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G.I. Blues

G.I. Blues(1960)

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Elvis Presley's homecoming movie after two years in the U.S. Army set the standard for most of his 1960s musicals, in which he invariably played a loverboy wading through a dozen songs and as many hopeful females en route to Miss Right. Here the lucky lady is the lovely Juliet Prowse. A trifle with mostly forgettable music and a pitifully inane story, G.I. Blues will nevertheless be welcomed by the legions of Elvis fans.

Synopsis: Swingin' tank corpsman Tulsa McLean (Elvis Presley) can't wait to finish his military duty in Germany to get back to Oklahoma and his dream of starting a nightclub. The rest of his pals are more interested in pursuing fraüleins, and make a huge bet with a high-scoring wolf that Tulsa can "spend the night" with a particularly forbidding nightclub dancer, Lili (Juliet Prowse). Tulsa reluctantly agrees, but after he maneuvers into scoring position with the beautiful Lili he realizes he's in love and calls off the relationship. More complications ensue, but we know they'll eventually get together.

Elvis became a subject for sociologists early in his career. In the late 50s he got plenty of publicity with the overblown outcry against Rock 'n Roll that resulted in newsreel stunts such as the burning of phonograph records, etc. In truth, most of the country was always firmly behind the lad from Mississippi; the blunting of his career came not from conservatives but from his own handlers, who saw him as a money making phenomenon to be molded into a family-safe commodity. Elvis' peacetime drafting was exploited by the army as a recruitment tool, and G.I. Blues plays as if it were produced as a requirement of his mustering out.

The peacetime Army is pictured as being on a permanent vacation jaunt, with battalions of Yankee tank crews trashing the German countryside during the day and then partying all night. They have plenty of free time and the towns are overflowing with German girls of starlet caliber or better. Near the top of the cast list is Letícia Román of The Girl Who Knew Too Much as well as Erika Peters of Mister Sardonicus and Sally Todd of Frankenstein's Daughter. Their common purpose is to be dated by the American soldiers. Even better, there doesn't seem to be a single German male under the age of 40 or 50 around, leaving the G.I.s with a completely open field. Exactly how far these girls go is discussed mostly through baseball terminology, but it is implied that sex is there for the taking. Prowse is a dazzling beauty with a reputation for not cooperating, with Elvis a nice-guy Oklahoman too gentlemanly to take advantage. Between the frequent songs, one or two inconsequential misunderstandings stretch the show out to feature length.

To be fair, the film offers one married couple (James Douglas and Sigrid Maier) as an example of fraternization that works out the way it's supposed to. And there's the requisite scene where a nosy Captain-chaperone checks to make sure that Elvis and Juliet aren't really shacking up together. But the recruitment message is clear: No college degree? Can't find a girlfriend? The peacetime Army is where You belong, son.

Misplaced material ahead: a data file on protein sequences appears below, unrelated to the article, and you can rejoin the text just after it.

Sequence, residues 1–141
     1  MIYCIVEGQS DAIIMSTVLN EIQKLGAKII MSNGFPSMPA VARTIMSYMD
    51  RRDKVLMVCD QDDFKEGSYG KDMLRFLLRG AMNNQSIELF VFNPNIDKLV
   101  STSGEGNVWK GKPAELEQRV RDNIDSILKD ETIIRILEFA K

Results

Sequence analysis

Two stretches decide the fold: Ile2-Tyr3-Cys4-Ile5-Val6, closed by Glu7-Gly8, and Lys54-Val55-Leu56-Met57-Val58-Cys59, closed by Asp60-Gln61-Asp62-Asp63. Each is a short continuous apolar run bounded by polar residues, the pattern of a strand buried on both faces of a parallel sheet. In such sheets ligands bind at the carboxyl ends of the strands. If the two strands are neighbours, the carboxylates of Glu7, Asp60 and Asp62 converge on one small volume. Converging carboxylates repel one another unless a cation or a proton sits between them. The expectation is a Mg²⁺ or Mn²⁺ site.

G.I. Blues does have its fringe benefits. Juliet Prowse was famous for her amazing legs and snappy jazz dancing, and her moment in the spotlight is a good one. There is little feel for Germany beyond picture postcard scenery, but Prowse's nightclub act does remind somewhat of cabaret scenes from the then-popular German crime thrillers called krimi. Presley performs one rather charming song, "Wooden Heart," that received plenty of radio play. The uniformed Elvis takes the place of a broken gramophone and sings for a little puppet show in the park. The puppets in the play, of course, are an American soldier and a German girl who wants to kiss him a lot.

A few surprises are hidden in the otherwise colorless cast. Sergio Leone's English version producer Mickey Knox has a couple of lines as a soldier named Jeter, and Ronald Starr of Ride the High Country has an even smaller role. Familiar Roger Corman actor Beach Dickerson is in there too.

A higher percentage of listenable songs can be found in Blue Hawaii, and Viva Las Vegas! has the spectacle of a pneumatic, gyrating Ann-Margret, but G.I. Blues still fares better than most of what was to come for Elvis in the sixties. Empty groaners like Double Trouble and Harum Scarum had little to offer besides Presley in the leading role. In the pre-Army features, he played troubled young men and wild loners in need of taming. Starting with G.I. Blues, Elvis offered an establishment answer to juvenile delinquency, and his character was always a clean-cut guy at heart, no longer perceived as a sexual threat to American values. As the culture changed, Elvis (at least as a movie star) simply became irrelevant.

Paramount's DVD presents G.I. Blues in a beautiful sharp enhanced transfer and great color that makes the ample travelogue footage stand out. Audio tracks are offered in both the original mono and remixed for 5.1 as well. There are no extras.

The bright packaging text gives some historical context for 1960 along with an Elvis trivia question. Blue Suede Shoes is plugged as one of the film's songs even though it plays for only about ten seconds on a jukebox before a brawl starts. Two trailers are mentioned but Savant found only one.

Amazon.com doesn't have a new release date for G.I. Blues, which has been available on DVD since 2000. I believe it is being sent out as a screener now as part of a re-promotion.

For more information about G.I. Blues, visit Paramount Home Entertainment. To order G.I. Blues, go to TCM Shopping.

by Glenn Erickson